Left-hander Robert Ramsay replaced him, working scoreless fifth and sixth innings, then yielding two runs in the seventh before being replaced by Frankie Rodríguez. Although the Twins crept to within three runs late in the game, the Mariners eventually powered their way to a 12-5 victory and Ramsay earned his only major-league win. “It’s not the typical first win you want to get,” said Ramsay, who became the first Mariners reliever to win a game in nearly a month. “You want to earn it a little more, maybe start the game and go six or seven innings.”8

In their victory, the potent Mariners lineup banged out 18 hits and received seven walks from Twins pitchers, including five from starter Redman. They left 12 runners on base. The hitting hero was Mike Cameron, who had three singles to go with his second-inning grand slam. “I couldn’t ask for a better day,” Cameron said. “When you’re going well, you have to enjoy it, because there are so many things that can be your downfall in this game. A game like today you have to love.”9 The hot-hitting Cameron had reached base 14 times in his last 18 plate appearances, on 10 hits and four walks. “I’m getting ahead in the count, and I’m not missing many pitches,” he said.10 

Another productive Mariner was Rickey Henderson, who had three singles and a walk, scored three runs, and stole a base. He had scored 18 runs in his 21 games since joining Seattle.11 “Rickey’s been quietly swinging the bat this trip,” said manager Piniella.12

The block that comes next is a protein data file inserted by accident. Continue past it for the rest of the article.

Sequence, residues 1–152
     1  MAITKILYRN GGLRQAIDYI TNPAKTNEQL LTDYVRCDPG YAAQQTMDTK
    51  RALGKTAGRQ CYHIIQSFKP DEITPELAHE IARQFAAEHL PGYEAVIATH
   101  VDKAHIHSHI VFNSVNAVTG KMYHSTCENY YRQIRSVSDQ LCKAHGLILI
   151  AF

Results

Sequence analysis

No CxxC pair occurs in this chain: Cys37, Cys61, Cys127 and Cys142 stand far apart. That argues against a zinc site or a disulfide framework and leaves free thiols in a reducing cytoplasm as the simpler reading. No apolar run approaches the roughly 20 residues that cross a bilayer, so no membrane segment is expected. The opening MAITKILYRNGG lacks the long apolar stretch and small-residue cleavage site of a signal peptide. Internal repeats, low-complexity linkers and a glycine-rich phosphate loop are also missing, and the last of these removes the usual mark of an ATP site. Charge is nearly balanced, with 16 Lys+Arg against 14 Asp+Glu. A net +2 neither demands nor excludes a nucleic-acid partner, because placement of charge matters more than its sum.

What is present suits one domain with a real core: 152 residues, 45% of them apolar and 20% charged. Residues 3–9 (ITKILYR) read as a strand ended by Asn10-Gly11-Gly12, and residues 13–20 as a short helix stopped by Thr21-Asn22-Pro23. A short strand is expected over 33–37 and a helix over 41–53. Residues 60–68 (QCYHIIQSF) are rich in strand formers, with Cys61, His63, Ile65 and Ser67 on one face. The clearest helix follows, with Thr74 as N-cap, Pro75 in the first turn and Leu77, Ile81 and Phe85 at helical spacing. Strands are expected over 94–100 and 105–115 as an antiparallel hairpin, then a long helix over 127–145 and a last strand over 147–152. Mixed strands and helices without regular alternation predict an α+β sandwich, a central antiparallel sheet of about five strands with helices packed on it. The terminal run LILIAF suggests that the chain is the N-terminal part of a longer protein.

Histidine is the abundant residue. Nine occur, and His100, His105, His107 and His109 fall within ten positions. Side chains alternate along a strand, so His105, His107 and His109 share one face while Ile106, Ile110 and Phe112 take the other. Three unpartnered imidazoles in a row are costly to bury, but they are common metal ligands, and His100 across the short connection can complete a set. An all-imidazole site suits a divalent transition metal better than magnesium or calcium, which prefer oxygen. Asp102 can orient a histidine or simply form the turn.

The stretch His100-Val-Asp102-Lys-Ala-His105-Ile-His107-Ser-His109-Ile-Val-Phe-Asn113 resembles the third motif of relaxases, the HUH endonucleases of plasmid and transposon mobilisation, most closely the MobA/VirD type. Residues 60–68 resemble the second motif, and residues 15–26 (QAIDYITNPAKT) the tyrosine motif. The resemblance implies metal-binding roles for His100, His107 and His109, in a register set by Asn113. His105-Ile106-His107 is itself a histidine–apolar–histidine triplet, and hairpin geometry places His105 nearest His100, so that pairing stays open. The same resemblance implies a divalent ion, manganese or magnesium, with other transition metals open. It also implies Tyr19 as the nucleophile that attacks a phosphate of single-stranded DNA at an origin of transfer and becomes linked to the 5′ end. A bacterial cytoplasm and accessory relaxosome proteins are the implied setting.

Ramsay was thrilled to pick up the win. He couldn’t wait to call his folks in Camas, Washington, a city along the Columbia River south of the Seattle metropolitan area. Abbott, despite the cramps, was confident he would be able to make his next start. “If I had kept going, it would have gotten a lot worse,” he said. “The starter’s job is to take the strain and load off the bullpen. But when you come out in the fourth inning, it puts a lot of pressure on them.”13

After the game, the Mariners remained in a virtual tie with the Athletics and battled them all season long for the American League West Division lead. The A’s pulled ahead of the Mariners during the last week of the season to win the division, leaving the Mariners as the wild card.



This article was fact-checked by Bruce Slutsky and copy-edited by Len Levin.



In addition to the sources cited in the notes, the author relied on information from,, and Baseball Almanac.



1 Dave Sheinin, “Mariners Trade Griffey to Reds,” Washington Post, February 11, 2000: D1.

2 Bob Finnigan, “Mariners—M’s sign Japanese Reliever Sasaki to Two-Year Contract,” Seattle Times, December 18, 1999.

3 Harry Schulman and John Shea, “$252 MILLION MAN / Rodriguez Signs with Rangers; Contract Doubles Previous Richest,” San Francisco Chronicle, SF Gate, December 12, 2000.

4 Associated Press, “A-Rod Hits 150th Career Homer,” April 7, 2000,


6 Larry Stone, “Cameron Crushes Twins—Outfielder Hits Grand Slam in Easy Road Win,” Seattle Times, June 16, 2000.

7 Stone.

8 Stone.

9 Stone.

10 Stone.

11 Ross Newhan, “Henderson Might Be Steal for Mariners,” Los Angeles Times, May 21, 2000: D6.

12 Stone.

13 Stone.

Additional Stats

Seattle Mariners 12
Minnesota Twins 5

Minneapolis, MN


Box Score + PBP: